NEW YORK (Reuters Health) – Many U.S. facilities saw declines in screening rates for colorectal, cervical, breast and lung cancers during the pandemic, a new study notes.
An analysis of data from 748 accredited cancer programs enrolled in an American Cancer Society study from April to June of last year revealed that more than 80% saw drops in screening for colorectal cancer, nearly 70% for cervical cancer, more than 50% for breast cancer and more than 44% for lung cancer, researchers report in Cancer.
“The take-home message for healthcare professionals is to know that monthly screening rates were significantly compromised during the pandemic, including several months into the pandemic,” said Dr. Heidi Nelson, medical director of cancer programs of the American College of Surgeons.
“Now is the time to make up for missed screening. We hope this article will encourage all medical groups and healthcare professionals to examine their own screening programs to see how much ‘catch-up’ they might need to do to ensure that people will not show up in the coming years with advanced cancers,” she told Reuters Health by email.
“We were a bit surprised that several months into the pandemic monthly screening rates had not recovered as much as we expected, probably due to ongoing surges of Covid,” Dr. Nelson added. “We were also surprised, and grateful that 748 accredited Commission on Cancer (CoC) and National Accreditation Program for Breast Centers (NAPBC) signed up in just eight weeks to participate in this national effort to reverse the downward trends in screening.”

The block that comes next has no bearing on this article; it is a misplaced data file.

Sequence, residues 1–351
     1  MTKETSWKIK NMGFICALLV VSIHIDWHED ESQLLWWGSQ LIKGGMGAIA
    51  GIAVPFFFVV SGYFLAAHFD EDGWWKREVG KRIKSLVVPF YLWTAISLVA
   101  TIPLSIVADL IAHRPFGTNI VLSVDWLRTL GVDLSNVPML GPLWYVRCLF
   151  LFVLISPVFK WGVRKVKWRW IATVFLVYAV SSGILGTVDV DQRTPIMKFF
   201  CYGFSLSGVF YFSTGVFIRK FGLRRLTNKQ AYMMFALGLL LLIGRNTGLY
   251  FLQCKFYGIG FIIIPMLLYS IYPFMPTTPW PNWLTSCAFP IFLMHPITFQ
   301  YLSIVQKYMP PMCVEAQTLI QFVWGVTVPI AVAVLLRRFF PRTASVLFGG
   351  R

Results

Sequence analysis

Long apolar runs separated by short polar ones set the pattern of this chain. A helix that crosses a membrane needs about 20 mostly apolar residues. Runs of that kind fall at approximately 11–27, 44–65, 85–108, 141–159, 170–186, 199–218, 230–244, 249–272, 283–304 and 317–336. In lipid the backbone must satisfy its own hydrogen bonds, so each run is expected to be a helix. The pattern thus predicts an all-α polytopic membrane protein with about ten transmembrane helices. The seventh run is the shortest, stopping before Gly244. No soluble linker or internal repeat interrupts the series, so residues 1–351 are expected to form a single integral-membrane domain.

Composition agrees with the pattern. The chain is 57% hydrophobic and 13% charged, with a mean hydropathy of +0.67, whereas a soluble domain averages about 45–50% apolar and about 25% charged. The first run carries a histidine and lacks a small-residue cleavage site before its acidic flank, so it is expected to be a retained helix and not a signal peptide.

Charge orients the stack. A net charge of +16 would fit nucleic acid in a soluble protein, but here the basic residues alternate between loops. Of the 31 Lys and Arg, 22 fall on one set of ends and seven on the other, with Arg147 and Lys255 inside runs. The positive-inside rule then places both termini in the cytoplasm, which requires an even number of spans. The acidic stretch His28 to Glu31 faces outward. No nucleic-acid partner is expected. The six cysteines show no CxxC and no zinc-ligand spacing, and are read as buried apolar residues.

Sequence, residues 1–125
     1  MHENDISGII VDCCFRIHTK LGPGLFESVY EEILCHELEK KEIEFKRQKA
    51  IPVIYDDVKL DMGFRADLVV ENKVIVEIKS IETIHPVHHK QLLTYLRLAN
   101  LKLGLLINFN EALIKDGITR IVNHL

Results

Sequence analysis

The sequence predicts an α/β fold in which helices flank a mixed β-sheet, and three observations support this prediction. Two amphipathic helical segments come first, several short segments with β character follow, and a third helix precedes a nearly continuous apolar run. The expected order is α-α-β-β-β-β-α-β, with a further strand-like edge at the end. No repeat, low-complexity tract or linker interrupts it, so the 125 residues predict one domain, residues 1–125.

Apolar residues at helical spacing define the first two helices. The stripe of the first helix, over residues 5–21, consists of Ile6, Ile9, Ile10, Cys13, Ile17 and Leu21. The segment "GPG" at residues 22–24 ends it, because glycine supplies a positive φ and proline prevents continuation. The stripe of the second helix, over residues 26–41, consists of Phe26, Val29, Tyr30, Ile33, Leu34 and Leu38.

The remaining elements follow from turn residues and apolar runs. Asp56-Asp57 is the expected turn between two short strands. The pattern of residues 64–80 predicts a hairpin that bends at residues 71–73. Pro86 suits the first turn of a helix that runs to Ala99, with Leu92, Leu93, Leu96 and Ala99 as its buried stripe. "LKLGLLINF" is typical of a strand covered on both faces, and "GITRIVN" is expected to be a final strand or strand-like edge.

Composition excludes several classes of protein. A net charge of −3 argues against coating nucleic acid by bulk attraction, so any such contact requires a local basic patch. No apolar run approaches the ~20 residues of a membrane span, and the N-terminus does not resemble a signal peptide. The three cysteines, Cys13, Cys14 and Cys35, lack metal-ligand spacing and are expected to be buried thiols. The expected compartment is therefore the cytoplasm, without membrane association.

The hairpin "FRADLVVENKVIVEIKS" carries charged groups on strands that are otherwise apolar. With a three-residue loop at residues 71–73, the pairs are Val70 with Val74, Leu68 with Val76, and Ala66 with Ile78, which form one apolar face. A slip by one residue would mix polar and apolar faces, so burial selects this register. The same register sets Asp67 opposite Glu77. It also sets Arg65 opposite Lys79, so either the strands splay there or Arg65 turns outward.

Dr. Nelson and her colleagues sent out invitations to all 1,456 CoC-accredited facilities and 582 NAPBC-accredited facilities, which treat nearly 70% of recently diagnosed U.S. patients with cancer annually.
The participating institutions were given the American College of Surgeons Cancer Programs’ Return-to-Screening Plan-Do-Study-Act (PDSA) to help them improve the rates of screening for the various cancers. It’s too early to know yet how well the PDSA has helped bring rates back up, the authors note.
The majority of facilities reported monthly screening deficits (colorectal cancer, 80.6%; cervical cancer, 69.0%; breast cancer, 55.3%; lung cancer, 44.6%). Overall, the researchers found that the median relative percent change in monthly test volumes were -17.7% for colorectal cancer, -6.8% for cervical cancer, -1.6% for breast cancer and 1.2% for lung cancer. They did not see any geographic differences.
“The fact that so many of our accredited CoC and NAPBC programs signed up right away represented a recognition that (this) is a serious problem,” Dr. Nelson said. “These programs recognized the magnitude of the problem and were eager to address it using their existing cancer infrastructure. We are optimistic this news will help medical groups turn their attention to this problem now that we have some relief from Covid surges.”
SOURCE: https://bit.ly/3NipmGi Cancer, online March 21, 2022.
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